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June 8, 1982

Richard S. SCHWEIKER, Secretary of Health and Human Services

The opinion of the court was delivered by: TROUTMAN


Our duty is to determine whether the Secretary's decision is supported by substantial evidence, 42 U.S.C. § 405(g); Richardson v. Perales, 402 U.S. 389, 91 S. Ct. 1420, 28 L. Ed. 2d 842 (1971). "Substantial evidence consists of more than a scintilla but may be somewhat less than a preponderance." Dobrowolsky v. Califano, 606 F.2d 403, 406 (3d Cir. 1979); Blalock v. Richardson, 483 F.2d 773, 776 (4th Cir. 1972). Upon the plaintiff rests the burden of proof. 42 U.S.C. § 423(d)(5); Hess v. Secretary of Health, Education and Welfare, 497 F.2d 837, 840 (3d Cir. 1974). We need not further elaborate upon the applicable law.

 We have examined the entire record including (1) the medical data and findings and conclusions; (2) the expert medical opinions; (3) subjective complaints; and (4) the plaintiff's age, education and work history.

 As the result of an accident and the development of unrelated recurring medical conditions, the plaintiff has suffered and suffers pain (Tr. 42); limitations of knee motion (Tr. 43); weight problems (Tr. 44); difficulty in walking and negotiating steps and rough terrain (Tr. 45); a limp of one leg (Tr. 48); a paralysis of the vocal chords causing breathing difficulties and choking (Tr. 52, 58); progressive emphysema (Tr. 55); anxiety (Tr. 56); diabetes (Tr. 56); high blood pressure (Tr. 57); loss of potassium levels causing headaches, dizziness (Tr. 58); pains in his leg (Tr. 62); inability to stand for substantial periods and requiring sitting at frequent intervals (Tr. 63); inability to walk, without sitting, even the length of a shopping mall (Tr. 66); stomach problems (Tr. 68); inflammation of the joints, including both shoulders, a knee and an ankle (Tr. 75) and other lesser complaints and conditions not here mentioned.

 A review of the plaintiff's stated complaints of inability to work, plus a review of the testimony of the vocational expert, James Chickson (Tr. 80 et seq.) clearly demonstrates the plaintiff's inability to engage in substantial gainful activity or employment. 42 U.S.C. § 423(d)(1)(A); Hargenrader v. Califano, 575 F.2d 434, 436 (3d Cir. 1978) and the lack of jobs, which he can perform, in significant numbers in the national economy. 42 U.S.C. § 423(d)(1) (A); Gentile v. Finch, 423 F.2d 244, 245 (3d Cir. 1970)(Tr. 80 et seq.) Plaintiff is not able to transfer to sedentary work (Tr. 84). Such work may not be available even in the national economy much less locally (Tr. 85). Neither can he transfer to jobs requiring a "majority of walking" such as a security guard (Tr. 86) nor can he go back to the job he normally performed requiring lifting up to 100 pounds (Tr. 88) even assuming such employment exists.

 We quote as follows from the testimony of the vocational expert:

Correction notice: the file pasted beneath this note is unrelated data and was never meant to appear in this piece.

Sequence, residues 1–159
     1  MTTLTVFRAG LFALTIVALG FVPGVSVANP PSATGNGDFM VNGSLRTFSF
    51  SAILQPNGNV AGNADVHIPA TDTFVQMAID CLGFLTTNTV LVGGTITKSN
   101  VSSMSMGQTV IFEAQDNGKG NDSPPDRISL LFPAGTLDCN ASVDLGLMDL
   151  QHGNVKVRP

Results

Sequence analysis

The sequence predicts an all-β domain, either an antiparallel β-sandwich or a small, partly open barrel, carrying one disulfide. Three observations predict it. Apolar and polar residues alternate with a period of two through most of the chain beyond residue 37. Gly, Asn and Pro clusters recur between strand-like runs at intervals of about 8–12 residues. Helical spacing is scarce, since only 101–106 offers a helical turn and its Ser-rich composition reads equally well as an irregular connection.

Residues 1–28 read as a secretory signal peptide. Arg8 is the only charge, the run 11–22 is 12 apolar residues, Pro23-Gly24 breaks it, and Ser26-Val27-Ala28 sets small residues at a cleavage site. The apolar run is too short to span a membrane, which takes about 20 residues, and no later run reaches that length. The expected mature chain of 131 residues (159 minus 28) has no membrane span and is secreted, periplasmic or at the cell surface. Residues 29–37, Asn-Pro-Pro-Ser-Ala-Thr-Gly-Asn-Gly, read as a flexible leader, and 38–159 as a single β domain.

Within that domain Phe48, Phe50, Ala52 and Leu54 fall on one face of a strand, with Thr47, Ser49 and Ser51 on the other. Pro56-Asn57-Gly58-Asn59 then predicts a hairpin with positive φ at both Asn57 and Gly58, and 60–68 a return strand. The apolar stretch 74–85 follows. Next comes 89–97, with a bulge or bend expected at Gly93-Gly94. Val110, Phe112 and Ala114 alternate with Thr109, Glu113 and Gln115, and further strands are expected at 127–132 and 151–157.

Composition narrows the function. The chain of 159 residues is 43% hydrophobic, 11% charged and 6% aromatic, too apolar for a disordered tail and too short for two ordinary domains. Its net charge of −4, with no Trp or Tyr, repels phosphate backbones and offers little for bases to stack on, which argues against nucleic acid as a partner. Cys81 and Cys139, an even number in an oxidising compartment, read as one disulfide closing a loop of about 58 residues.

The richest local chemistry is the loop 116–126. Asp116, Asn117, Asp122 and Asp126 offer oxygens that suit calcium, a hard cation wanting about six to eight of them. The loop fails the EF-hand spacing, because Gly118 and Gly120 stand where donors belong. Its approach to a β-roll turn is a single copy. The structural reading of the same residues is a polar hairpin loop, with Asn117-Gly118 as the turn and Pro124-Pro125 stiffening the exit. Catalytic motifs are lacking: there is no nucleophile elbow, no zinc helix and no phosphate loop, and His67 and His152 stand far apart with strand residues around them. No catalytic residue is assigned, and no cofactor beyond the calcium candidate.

"A. I would say from the time of the accident till even the late hearing, that he wouldn't be able to perform any of the jobs, even the sedentary duties, up until that point. After that point, probably only the sedentary jobs he would be able to perform and those only if he's able to maintain the level of activity of spending only two of the four hours a day, he might not be able to perform them on a sustained basis even at this point.


A. No, the activity that he was performing, just a little painting that he's doing around, the carpentry work, even at his own pace, he was only able to keep it up for two to four hours. If that's the most that he could perform in a day's time at that sustained activity, then he'd have difficulty with even a sedentary. But, it wouldn't be any more exertion for him in the sedentary position.


Q. And, up until the date he began weight bearing on his foot?


A. Up until the time that he was fully weight bearing, I wouldn't feel he could have engaged in any type of work, particularly construction.


Q. What quality of doubt with respect to his present condition would he have limited movement?


A. The doubt that I have is more in terms of his ability to maintain any activity for a long enough period during the day to allow him to engage in regular, competitive employment. Not so much being able to physically perform the activity, but whether he could do it for a long enough period of time to engage in "INAUDIBLE".




Q. The jobs that you listed were listed as sedentary jobs and unskilled positions. Is that right?


A. Yes.


Q. Those are not all inclusive positions?


A. No."


(See Tr. 91, 92, 96 and 97).

 It is apparent that the plaintiff cannot engage in substantial gainful activity and this is regrettable at his early age, 48 years. It is equally apparent that the findings, conclusions and decision of the Administrative Law Judge, affirmed by the Appeals Council, are not supported by substantial evidence.

 Accordingly, the plaintiff's motion for summary judgment will be granted and the defendant's like motion will be denied.


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